Fiat launched the current Bravo with every intention of making it available with three versions of the same 1.4-litre petrol engine. There would be a standard 90bhp unit, a mildly turbocharged one with 120bhp and a more heavily modified - and also turbocharged - example producing a maximum of 150bhp. When the Bravo went on sale in the UK, though, only the first and third of these were available. The 120bhp Bravo 1.4 T-Jet was delayed slightly, but it arrived in October 2007 to complete the T-Jet set.
The point about these engines is that they give differing amounts of performance, as suggested by their power outputs, but have more or less the same combined fuel economy and CO2 emissions according to the official EU test, since that test requires virtually no input from the turbo. In effect, during the test process all three T-Jets behave in almost exactly the same way, which is good news in terms of CO2-based taxation even though it might not reflect an individual car's economy in the real world.
More about all that, if you wish, in our feature, The Rise Of The Small Engine. For now the more important thing is how the T-Jet 120 works in the Bravo, and from a driver's point of view I must say it works very well. 120bhp turns out to be a very pleasing output in this case - the car never feels sluggish, but there is also no suggestion that the chassis is being asked to do anything that it would find unduly strenuous. The willingness to pull from low engine speeds is also impressive.
A further aspect which isn't really important (though I liked it a lot, which is why I'm mentioning it) is the sound. The decibel-damping effect of a turbocharger tends to make cars fitted with them sound rather dull, but with the T-Jet 120 Fiat has managed to retain a lovely, and characteristically Italian, high-pitched gurgle as you head towards the revlimiter on full throttle; not the kind of thing buyers of this car are likely to bother with, I suppose, but good fun all the same.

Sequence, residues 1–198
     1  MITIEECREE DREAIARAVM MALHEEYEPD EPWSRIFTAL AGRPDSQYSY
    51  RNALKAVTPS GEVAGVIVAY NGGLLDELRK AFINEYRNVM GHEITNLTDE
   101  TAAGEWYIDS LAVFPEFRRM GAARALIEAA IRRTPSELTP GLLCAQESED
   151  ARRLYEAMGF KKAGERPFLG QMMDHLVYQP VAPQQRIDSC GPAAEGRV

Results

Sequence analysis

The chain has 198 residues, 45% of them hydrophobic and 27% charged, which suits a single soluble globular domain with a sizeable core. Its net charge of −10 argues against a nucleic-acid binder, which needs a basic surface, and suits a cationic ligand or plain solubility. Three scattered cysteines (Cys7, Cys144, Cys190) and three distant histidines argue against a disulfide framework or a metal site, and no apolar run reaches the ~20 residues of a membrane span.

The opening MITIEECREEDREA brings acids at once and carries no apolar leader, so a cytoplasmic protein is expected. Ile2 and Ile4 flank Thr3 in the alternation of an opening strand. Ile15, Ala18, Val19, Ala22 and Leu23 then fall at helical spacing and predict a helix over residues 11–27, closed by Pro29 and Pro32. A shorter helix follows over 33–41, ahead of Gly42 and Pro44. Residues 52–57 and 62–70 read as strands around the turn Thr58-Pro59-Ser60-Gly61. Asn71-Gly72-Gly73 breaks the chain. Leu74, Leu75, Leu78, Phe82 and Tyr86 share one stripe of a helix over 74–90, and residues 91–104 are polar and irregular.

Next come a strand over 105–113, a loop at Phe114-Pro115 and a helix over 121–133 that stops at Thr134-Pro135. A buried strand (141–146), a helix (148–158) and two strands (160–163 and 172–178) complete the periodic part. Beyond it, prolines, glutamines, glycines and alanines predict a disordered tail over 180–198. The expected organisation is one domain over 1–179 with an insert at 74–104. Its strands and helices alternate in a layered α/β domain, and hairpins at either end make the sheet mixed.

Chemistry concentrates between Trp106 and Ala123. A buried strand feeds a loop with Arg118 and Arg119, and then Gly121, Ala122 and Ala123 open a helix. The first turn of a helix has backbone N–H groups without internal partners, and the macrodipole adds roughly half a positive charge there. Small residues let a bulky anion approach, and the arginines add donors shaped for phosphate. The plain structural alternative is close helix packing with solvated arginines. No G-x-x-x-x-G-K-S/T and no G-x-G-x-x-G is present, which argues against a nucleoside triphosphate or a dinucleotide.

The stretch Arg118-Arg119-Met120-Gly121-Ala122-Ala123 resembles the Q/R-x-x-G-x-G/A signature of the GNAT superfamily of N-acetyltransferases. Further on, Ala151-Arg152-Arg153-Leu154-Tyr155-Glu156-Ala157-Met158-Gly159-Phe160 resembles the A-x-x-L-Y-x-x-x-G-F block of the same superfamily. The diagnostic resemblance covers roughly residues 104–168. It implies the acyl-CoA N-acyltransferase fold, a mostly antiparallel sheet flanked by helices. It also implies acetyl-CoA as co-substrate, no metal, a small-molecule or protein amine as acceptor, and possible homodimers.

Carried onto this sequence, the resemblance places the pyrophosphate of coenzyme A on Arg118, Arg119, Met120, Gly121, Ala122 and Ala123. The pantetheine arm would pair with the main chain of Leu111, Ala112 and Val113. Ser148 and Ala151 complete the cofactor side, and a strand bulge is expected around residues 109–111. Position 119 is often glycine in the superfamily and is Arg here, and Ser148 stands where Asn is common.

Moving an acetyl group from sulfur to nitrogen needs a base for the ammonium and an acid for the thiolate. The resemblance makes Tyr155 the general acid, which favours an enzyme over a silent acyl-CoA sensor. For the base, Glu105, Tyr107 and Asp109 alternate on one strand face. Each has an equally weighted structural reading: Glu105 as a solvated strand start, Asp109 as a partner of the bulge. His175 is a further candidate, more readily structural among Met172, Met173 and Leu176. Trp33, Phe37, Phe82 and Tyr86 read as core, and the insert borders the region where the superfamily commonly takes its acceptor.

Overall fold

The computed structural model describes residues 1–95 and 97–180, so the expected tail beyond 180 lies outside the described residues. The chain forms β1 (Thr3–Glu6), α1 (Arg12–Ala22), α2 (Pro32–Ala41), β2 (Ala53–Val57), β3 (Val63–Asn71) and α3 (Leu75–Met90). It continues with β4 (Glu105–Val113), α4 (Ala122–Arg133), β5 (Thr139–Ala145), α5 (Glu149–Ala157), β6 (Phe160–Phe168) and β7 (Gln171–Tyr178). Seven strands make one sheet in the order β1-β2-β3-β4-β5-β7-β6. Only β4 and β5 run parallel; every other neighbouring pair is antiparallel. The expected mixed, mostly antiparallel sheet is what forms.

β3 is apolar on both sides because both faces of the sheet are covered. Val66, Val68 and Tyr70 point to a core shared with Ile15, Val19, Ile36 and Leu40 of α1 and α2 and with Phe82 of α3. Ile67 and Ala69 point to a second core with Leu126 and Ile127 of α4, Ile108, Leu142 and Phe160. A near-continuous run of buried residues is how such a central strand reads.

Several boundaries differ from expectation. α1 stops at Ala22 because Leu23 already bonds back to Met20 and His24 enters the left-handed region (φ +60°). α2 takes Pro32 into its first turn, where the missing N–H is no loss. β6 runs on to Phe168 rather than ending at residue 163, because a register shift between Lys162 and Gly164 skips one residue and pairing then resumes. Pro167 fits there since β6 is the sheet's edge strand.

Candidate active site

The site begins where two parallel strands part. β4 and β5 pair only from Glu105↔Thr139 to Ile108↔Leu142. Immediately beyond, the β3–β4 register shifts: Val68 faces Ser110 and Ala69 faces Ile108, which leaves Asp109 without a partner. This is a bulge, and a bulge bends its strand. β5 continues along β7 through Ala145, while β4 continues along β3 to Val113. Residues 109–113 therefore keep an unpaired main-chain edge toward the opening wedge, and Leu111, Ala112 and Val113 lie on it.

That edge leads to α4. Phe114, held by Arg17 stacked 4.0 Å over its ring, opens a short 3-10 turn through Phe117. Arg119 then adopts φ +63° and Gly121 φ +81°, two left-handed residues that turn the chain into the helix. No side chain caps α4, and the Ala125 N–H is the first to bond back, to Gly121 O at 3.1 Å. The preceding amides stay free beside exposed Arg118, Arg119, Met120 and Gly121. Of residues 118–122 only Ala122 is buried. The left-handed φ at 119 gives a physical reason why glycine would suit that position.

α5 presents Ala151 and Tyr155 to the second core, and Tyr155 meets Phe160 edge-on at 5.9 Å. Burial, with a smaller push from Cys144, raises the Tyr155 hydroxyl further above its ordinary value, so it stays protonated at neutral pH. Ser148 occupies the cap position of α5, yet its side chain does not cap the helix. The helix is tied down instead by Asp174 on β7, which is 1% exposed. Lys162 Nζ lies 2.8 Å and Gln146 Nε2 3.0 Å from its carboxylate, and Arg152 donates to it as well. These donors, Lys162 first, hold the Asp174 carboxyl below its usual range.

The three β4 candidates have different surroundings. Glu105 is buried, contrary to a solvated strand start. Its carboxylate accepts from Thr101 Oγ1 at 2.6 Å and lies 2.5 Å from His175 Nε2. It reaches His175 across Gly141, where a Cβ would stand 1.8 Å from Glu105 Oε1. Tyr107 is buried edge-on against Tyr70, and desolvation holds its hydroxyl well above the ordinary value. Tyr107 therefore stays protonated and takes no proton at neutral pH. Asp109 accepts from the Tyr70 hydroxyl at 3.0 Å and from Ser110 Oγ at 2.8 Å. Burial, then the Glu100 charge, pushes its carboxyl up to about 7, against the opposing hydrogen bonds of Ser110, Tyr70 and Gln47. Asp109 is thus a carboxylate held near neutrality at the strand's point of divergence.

Anyway. The point I was making earlier about fuel economy is demonstrated very well in the official figures for Bravos fitted with these engines. The T-Jet 120 clocks up 42.2mpg combined, along with 158g/km of CO2, which is exactly the same as the non-turbo T-Jet 90. Even the T-Jet 150 kicks around in the same ball park with 39.8mpg and 167g/km.
Now, if you start using the performance of these cars, the officially small gaps between them will expand abruptly. If you drive them all flat-out, a T-Jet 150 will use a very great deal more petrol than a T-Jet 90, and the T-Jet will do something in between. The point to note here is that you get taxed on the official CO2 rating, not on the amount of CO2 you actually make the car emit. Therefore the T-Jet 120 costs as much in VED as the T-Jet 90 does, and will continue to do so after the VED system changes in April 2009.
However, if you compare the Bravo with the opposition you'll find that quite a number of non-turbo 1.6- and even 1.8-litre cars in the same class run it pretty close in the fuel economy and CO2 stakes. Against other cars of roughly the same size and power output, it's undoubtedly true that the T-Jet 120 has a healthy combination of performance, economy and taxability, but the margins are very small, and are unlikely to mean a saving of more than £25 a year in VED.
It's intriguing, though undoubtedly coincidental, that the Bravo's closest rival here is the Volkswagen Golf TSI, another turbocharged 1.4-litre car, which does slightly better on all counts, though again there's not much in it. The main reason for buying one over the other is most likely to be whether you prefer Volkswagens to Fiats or vice versa.
The same brand preference will also be the deciding factor when comparing the Bravo with other C-segment rivals. Nothing unusual there, of course, but the point is that although the turbocharged T-Jet is an effective engine, for the reasons already mentioned, it doesn't make the Bravo stand out from the crowd to any great extent.
Perhaps the biggest challenge to the T-Jet 120 comes from within the Bravo range itself. The 120bhp version of Fiat's excellent new 1.6-litre turbo diesel gives the Bravo about the same performance and about 37% better fuel economy on the combined cycle, so unless the price gap between petrol and diesel extends much further than it already has you'll still end up paying less to run the thing.
Fiat describes the T-Jet as "the petrol engine's revenge" on the developments in diesel technology over the past few years, but if I wanted a Bravo for myself I suspect I'd still end up choosing a diesel for practical purposes, even though I did enjoy my time with this one.
How can we get you a fantastic deal?
By speaking to thousands of car buyers every month and through market analysis, we show estimated savings on new cars